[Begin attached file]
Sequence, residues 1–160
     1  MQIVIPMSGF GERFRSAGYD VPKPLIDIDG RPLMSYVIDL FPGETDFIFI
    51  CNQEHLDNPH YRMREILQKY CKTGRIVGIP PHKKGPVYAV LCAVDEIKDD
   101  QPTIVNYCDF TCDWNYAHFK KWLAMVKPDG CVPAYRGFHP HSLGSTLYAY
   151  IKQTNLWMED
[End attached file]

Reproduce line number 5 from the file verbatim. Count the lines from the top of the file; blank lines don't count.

   151  IKQTNLWMED